17. 17. BASINS  Pilot Basins – Direct testing of generic methodology to incorporate floods and droughts into planning  Lake Victoria, Volta, Chao Phraya  Learning Basins – Consultations to understand how DSS are being applied and used in planning and what can be improved  Danube Identify main water management issues and use these as a starting point for discussion Opportunity to take stock of how the basin is managing flood events, what are the gaps and what can be developed in the future INSPIRING CHANGE 17
    18. 18. Transboundary Location institution Nos. of Flood and Major Existing countries drought urban area water safety in basin impacts plans Basin GEF Volta 2006 - Volta Basin date Authority West Africa 6 Serious – irregular flooding and drought Chao Praya Not None earlier South East Asia 1 Extremely Bangkok serious Lake Victoria 1997 - Lake Victoria date Basin Commission East Africa 5 Serious INSPIRING CHANGE Ouagadoug Under developme ou nt Under developme nt Kampala, Yes Mwanza and Kisumu 18
    19. 19. WHAT IS THE “METHODOLOGY”?  Most advanced commercially available Decision Support Systems (DSS) combine databases, models, GIS and web technologies with configurable decision logics.  Information is processed in such a way to produce various scenarios to make informed decisions  Project will develop open access modules to allow the integration of flood and drought elements and of likely climatic scenarios into more commonly used DSSs, and apply them to IWRM planning, to the TDA process, and to WSPs.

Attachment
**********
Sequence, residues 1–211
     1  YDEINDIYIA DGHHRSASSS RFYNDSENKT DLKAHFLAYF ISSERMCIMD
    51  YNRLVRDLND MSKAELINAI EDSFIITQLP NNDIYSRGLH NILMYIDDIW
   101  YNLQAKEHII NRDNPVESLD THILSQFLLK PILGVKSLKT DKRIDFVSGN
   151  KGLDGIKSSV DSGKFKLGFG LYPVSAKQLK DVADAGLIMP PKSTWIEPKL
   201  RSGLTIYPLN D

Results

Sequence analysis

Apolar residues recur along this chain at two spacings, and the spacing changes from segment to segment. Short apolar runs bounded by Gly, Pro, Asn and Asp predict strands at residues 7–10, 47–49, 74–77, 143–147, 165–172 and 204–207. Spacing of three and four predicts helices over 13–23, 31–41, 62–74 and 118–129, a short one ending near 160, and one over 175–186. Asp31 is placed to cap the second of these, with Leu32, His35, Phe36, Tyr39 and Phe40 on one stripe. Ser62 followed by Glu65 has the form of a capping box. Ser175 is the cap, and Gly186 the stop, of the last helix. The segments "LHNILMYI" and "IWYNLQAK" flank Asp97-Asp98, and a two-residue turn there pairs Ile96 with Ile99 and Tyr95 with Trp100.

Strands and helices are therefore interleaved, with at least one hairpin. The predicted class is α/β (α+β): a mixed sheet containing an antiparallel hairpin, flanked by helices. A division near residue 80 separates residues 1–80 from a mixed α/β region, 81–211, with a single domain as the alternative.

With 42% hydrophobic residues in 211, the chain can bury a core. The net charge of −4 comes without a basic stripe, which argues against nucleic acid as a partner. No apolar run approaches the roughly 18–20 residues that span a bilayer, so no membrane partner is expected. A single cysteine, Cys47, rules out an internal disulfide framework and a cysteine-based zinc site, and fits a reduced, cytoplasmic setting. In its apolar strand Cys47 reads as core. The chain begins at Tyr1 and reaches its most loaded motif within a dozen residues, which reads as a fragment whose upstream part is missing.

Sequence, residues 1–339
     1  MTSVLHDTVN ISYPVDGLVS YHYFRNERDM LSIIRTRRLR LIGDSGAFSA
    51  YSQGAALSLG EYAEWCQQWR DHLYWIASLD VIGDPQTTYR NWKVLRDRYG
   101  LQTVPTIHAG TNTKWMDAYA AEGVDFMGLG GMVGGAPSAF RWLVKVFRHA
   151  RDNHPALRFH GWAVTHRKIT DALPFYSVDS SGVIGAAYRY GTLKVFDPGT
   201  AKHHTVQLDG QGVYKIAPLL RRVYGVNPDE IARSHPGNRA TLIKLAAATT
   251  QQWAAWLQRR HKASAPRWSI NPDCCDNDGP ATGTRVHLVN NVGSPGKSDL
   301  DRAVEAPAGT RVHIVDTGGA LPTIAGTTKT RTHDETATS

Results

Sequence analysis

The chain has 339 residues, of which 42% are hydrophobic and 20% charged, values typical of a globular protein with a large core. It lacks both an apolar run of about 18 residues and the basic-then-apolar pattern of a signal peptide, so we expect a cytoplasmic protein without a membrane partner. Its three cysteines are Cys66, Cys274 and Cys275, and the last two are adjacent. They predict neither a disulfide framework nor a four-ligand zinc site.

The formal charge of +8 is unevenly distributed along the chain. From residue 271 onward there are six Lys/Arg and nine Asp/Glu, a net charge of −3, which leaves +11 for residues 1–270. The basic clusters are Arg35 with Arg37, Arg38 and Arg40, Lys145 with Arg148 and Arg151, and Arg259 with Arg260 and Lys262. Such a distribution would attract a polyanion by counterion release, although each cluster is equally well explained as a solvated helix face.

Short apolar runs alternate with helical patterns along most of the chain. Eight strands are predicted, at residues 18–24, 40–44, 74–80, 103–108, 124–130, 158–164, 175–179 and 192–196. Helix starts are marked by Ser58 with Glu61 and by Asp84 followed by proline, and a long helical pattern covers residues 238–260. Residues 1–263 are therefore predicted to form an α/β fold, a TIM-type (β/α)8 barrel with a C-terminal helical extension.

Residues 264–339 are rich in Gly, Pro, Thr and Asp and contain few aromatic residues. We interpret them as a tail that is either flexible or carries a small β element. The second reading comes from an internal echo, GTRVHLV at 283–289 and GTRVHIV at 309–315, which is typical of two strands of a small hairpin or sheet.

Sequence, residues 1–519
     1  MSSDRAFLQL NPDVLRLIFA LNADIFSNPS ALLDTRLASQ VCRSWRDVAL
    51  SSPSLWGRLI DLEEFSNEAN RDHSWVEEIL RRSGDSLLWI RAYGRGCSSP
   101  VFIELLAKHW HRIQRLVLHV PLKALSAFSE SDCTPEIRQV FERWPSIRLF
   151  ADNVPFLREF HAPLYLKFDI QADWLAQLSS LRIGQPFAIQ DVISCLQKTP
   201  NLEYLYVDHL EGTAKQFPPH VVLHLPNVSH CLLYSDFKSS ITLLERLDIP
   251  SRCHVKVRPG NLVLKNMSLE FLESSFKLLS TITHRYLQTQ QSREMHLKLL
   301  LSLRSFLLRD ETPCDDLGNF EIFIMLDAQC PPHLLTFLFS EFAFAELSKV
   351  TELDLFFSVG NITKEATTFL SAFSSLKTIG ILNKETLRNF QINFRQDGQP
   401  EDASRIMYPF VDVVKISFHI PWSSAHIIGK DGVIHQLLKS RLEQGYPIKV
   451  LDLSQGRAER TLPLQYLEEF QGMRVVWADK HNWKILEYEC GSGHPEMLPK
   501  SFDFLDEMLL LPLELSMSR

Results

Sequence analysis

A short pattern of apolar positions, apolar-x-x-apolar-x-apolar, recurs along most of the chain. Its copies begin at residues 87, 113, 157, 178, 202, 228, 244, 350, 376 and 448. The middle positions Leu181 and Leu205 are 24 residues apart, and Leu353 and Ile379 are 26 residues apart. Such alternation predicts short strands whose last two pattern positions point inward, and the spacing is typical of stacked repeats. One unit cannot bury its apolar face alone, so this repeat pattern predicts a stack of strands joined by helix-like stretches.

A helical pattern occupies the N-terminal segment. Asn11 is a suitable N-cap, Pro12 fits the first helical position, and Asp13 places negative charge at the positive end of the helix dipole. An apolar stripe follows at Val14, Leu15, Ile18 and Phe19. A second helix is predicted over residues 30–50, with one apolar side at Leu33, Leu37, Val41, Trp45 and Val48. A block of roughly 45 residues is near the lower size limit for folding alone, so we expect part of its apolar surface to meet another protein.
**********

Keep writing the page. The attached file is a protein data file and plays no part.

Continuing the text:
20. 20. STAKEHOLDER ENGAGEMENT  Emphasis is to be placed on the management of floods and droughts affecting urban and industrial areas that are the centers of economic growth, assets and wealth creation. Links with utilities and WSPs that incorporate catchment management WSP will complement wider basin planning and provide in depth engagement with end users Provides opportunity for awareness raising on river basin management benefits at local level (urban and industrial)
    21. 21. DISCUSSION Risks and Hazards  What specific risks and hazards around floods and droughts, have you encountered which you would like to include in planning processes?  What kind of information do you currently gather around floods and droughts (quantitative and qualitative) in the TDA/SAP process? Decision support systems  What type of decision support tools (especially for floods and droughts) are you familiar with? How are using them?  What type of outputs do you use or are you looking for from a DSS which focuses on floods and droughts? How would use information from a DSS in a TDA process and planning? Stakeholder engagement  How do you engage with other stakeholders at local level (e.g industries, utilities, etc)? INSPIRING CHANGE 21